You might also consider raising the forks in the triple clamps to change the geometry of the bike. I'd suggest investing in appropriate fork and or shock springs first however. Altering the geometry isn't going to improve the balance any.

David
 

dirt bike dave

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#6
After you get your suspension set up, get a steering damper! I am a big proponent of dampers - doesn't matter what brand, just get one. With the damper, you can set the bike up for quick steering but still have stability. Yeah, they are expensive, but think of it as a safety device - you WILL crash less often.

The KLX is a sweet handling bike, but so is the KDX when it is perfectly set up.
 

Bill Hibbs

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#7
My guess is you have your compression dampening set up too stiff to compensate for the weak stock springs. This will cause the front end to push and feel harsher on the sharp bumps. I would say an unbalanced suspension is the main cause of your handeling problems.

The KLX is a sweet bike though.
 
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#8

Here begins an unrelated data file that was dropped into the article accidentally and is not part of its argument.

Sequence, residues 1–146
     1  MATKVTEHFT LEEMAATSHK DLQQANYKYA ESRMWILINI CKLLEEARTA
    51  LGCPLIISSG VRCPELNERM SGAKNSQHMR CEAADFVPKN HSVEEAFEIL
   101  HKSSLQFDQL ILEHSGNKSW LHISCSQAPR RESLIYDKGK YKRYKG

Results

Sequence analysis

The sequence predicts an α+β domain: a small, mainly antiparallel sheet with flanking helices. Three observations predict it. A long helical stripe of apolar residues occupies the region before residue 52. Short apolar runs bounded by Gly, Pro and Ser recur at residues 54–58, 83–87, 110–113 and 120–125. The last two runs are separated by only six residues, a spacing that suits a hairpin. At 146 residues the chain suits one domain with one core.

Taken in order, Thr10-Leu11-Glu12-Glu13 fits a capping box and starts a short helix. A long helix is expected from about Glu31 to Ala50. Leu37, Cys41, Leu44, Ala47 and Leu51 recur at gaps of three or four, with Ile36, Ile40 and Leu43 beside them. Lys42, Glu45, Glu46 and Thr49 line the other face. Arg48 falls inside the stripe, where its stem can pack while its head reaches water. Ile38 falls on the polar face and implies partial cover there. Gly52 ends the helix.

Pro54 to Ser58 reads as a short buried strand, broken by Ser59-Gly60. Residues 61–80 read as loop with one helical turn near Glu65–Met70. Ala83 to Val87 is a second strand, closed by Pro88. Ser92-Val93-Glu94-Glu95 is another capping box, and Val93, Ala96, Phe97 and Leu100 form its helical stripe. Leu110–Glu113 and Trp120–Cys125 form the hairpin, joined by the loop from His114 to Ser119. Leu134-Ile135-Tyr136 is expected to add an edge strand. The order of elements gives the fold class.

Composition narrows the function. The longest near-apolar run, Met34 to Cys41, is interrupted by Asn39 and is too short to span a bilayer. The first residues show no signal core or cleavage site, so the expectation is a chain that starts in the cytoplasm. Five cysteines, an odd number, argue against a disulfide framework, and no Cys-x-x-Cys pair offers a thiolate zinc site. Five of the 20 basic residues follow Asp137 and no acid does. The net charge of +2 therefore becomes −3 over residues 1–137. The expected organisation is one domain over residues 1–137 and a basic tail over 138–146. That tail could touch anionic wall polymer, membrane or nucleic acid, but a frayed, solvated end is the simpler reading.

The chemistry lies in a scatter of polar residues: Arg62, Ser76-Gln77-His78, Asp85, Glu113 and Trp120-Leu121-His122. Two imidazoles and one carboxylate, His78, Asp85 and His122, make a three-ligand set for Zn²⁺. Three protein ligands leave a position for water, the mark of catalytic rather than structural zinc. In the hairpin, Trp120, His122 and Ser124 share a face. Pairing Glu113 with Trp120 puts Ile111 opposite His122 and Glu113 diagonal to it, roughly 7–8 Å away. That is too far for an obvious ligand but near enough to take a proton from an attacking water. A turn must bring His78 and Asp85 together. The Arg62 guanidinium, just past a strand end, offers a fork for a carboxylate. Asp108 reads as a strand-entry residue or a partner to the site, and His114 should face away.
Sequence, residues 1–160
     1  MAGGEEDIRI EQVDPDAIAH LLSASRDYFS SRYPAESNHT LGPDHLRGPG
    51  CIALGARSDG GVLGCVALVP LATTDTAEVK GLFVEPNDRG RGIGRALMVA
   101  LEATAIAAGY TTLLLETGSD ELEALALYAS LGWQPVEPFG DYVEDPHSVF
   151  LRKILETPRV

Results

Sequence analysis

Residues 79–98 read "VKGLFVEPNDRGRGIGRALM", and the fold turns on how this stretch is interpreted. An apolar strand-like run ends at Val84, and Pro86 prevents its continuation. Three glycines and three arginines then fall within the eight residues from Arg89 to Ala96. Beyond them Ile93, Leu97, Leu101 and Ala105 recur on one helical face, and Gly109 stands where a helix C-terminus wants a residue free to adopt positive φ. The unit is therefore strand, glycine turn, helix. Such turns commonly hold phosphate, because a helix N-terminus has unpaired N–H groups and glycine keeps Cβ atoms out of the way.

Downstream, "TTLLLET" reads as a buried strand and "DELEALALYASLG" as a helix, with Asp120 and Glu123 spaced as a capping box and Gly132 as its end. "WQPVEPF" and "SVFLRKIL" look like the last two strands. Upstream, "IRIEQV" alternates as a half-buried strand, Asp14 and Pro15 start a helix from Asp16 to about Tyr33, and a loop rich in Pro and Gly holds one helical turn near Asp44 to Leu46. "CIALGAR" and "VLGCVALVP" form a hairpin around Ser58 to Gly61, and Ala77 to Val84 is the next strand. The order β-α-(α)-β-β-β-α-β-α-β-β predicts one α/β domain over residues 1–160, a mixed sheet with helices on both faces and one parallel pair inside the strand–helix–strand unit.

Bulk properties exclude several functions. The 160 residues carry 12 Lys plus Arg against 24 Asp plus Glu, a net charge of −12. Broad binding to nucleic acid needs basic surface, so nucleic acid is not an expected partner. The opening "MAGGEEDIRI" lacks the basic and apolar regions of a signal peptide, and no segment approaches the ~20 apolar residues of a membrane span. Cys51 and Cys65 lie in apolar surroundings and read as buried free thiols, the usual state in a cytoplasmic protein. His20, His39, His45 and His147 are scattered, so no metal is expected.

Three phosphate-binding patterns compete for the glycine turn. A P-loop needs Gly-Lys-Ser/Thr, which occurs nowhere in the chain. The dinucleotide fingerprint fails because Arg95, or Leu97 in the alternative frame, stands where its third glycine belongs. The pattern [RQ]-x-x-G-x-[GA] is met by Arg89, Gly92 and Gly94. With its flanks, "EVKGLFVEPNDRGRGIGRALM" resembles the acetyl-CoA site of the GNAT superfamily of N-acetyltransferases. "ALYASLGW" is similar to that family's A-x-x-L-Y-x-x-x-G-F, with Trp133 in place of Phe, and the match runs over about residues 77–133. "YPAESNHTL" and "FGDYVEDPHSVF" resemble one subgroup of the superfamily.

I checked out the JustKDX homepage and set my clickers to what was specified. It helped the rear end out a bunch. The front was set a 9 clicks out stock, so I set them to eight as recommended. This seemed to help a little. I'm in the process of ordering stiffer springs from FRP. The stock bike's lack of balence front to rear makes a lot of sense.

I was afraid that the lowering links would change things for the worse. It really amazes be but the slightly lower seat and pegs on the KLX do wonders for my self-confidence when cornering hard.

I'm glad I rode my brother's bike because I had no idea what I was putting up with. I always assumed it was me but wow! What an eye opening experience to ride something that didn't fight me. Now I know what to shoot for.
 

Bill Hibbs

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#9
Yea, now ride a bike that's had $700.00 worth of suspension work done. Actually, you'd be better off NOT riding one. ;) Why torture yourself. It's amazing the difference it makes. It's hard justifying the money for something you can't touch but can only "Feel". At least to the Wife! Those springs will make a dramatic difference though.
 
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#10
Yeah, I can imagine what you mean! I had a buddy who had the suspension revalved on his YZ and he constantly told me I had to do it. I never could bring myself to spend that much on one modification. Up here I can only ride dirt bikes half the year. The other half I ride and race snowmachines. It always seems like the snowmachines suck up all my spending money. :(
 
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#11
I would recommend logging into racetech.com and filling out the spring settings form. It will tell you exactly what fork springs you need for your weight and riding style. I just bought the springs 79 bucks and my bike rails now. Racetech rules...:cool: